Not for the faint hearted

Mark Z. Danielweski: House of Leaves

House of LeavesTo say the least. Content and form finally merge into this paranoid yet beautiful book about a family lost in the inner walls of… a house. A house of leaves. You get sucked into this whirlpool of imagination where the realm of a book is transformed into a physical world that you cannot get out of. Here is cutting to the chase: two parallel, uncoverging yet intertwined stories. First is of a family that moves to a new house, only to discover that its inner architecture is designed in a way that it is bigger from the inside than the outside. Did you hear it right? Yes, apparently, the house is dynamic; its internal corridors and walls get bigger by the minute, while it remains intact on the outside. But how big can it get? Well, in order to find out, the family had to patch an adventurers’ team to probe the house’s secret halls. Not such a good idea, given the fact that there seems to be something haunting inside those walls, a creature, or a monster, or some life waiting to be discovered. Second story is that of a young guy who finds the book of a blind writer where the first story is told. Coincidence much? The rest is magic. Although the two stories do not seem very connected throughout the book, they overlap smoothly. We jump from one to the other without losing the thread. The plot is quite linear for such a novel argument. Besides the narrative in itself, what really kept me enticed was the magnificence of the visual presentation. Instead of your usual manuscript, the writer has gone great lengths to use the space of a book in order to create his own world. By underlining, scratching, changing colors, writing horizontally then vertically, then obliquely, etc., Danielewski manages to innovate a new experience of reading. Footnotes à la David-Foster-Wallace are also used at length to criticize academic works where scholars are willing to use any useless piece of information to support their argument, or offer innocuous data that the reader does not really need. It also shows how much of an interference footnotes are to the reading experience.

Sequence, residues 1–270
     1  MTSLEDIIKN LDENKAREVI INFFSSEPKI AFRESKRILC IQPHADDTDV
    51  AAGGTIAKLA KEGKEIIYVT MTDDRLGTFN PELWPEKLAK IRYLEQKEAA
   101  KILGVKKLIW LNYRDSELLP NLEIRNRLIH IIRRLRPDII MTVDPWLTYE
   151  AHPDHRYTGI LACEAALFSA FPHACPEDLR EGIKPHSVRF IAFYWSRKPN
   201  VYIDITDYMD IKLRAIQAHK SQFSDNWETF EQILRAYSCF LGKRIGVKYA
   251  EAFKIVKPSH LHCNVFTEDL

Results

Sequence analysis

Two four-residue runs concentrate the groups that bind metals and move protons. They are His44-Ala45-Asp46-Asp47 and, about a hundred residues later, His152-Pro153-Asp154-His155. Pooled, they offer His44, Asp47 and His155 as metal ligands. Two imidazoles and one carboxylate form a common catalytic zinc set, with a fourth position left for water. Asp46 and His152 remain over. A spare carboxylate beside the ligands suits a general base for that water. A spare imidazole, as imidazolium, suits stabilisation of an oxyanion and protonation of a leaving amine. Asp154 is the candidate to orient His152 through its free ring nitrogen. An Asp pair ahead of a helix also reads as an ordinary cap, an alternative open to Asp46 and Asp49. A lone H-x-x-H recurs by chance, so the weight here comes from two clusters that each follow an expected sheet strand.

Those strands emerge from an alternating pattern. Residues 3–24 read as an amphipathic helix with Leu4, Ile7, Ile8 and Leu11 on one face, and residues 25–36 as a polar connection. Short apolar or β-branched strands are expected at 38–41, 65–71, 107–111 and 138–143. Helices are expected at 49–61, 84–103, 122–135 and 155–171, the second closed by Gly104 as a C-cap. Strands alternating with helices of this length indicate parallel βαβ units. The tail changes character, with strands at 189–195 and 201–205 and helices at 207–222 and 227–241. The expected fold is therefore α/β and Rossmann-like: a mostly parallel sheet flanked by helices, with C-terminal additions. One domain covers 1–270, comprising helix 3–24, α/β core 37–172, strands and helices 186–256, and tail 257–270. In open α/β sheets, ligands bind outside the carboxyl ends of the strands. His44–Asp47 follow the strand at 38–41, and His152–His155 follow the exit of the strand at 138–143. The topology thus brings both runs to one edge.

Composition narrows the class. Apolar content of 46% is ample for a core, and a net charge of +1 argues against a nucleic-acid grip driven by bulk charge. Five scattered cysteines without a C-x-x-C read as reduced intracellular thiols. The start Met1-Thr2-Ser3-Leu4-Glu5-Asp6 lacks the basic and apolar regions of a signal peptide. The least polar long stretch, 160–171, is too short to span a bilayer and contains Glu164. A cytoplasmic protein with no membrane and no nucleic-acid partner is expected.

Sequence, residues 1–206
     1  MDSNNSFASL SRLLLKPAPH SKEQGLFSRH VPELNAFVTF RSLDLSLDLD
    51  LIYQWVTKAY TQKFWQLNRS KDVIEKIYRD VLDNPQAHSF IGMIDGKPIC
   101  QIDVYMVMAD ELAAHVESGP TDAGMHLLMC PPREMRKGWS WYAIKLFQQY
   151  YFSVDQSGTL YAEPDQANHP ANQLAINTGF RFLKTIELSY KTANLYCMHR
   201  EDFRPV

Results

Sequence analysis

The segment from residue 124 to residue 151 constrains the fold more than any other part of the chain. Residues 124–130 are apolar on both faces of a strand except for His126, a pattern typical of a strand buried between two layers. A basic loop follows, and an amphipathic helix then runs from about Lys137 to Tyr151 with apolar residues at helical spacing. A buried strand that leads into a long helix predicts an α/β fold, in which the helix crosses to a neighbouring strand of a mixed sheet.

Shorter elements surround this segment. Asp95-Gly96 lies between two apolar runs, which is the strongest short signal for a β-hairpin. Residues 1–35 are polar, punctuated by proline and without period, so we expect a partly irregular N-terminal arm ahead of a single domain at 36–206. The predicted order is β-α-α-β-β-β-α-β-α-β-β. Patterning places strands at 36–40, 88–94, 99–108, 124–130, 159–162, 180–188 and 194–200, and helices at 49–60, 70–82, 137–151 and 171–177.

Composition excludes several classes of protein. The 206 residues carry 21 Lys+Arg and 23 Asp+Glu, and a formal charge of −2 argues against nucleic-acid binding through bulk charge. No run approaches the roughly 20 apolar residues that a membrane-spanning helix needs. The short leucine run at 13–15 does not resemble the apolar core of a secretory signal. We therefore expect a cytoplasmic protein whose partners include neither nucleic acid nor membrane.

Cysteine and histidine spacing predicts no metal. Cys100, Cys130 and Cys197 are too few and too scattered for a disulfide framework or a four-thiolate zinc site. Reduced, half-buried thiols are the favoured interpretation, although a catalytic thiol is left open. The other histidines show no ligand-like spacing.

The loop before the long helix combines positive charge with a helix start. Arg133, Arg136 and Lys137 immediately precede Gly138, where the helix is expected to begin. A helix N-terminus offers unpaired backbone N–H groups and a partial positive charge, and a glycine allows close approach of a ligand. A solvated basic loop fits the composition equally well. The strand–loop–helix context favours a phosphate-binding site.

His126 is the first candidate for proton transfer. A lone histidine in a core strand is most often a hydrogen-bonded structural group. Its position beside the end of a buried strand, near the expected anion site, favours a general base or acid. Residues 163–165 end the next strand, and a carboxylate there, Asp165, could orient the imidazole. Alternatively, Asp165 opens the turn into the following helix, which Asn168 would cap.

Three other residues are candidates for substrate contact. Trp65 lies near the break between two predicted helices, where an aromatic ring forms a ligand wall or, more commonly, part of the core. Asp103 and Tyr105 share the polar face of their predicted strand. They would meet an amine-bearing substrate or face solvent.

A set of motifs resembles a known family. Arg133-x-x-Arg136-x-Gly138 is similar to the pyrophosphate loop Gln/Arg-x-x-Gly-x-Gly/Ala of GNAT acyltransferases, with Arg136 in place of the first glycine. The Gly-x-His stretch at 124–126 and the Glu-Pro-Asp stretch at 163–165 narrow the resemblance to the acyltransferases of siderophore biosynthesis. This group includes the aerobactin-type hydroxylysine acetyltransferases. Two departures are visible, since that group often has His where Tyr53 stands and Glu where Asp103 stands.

The book is a paranoia, an exciting one that you do want to experience, at least in the realm of words.

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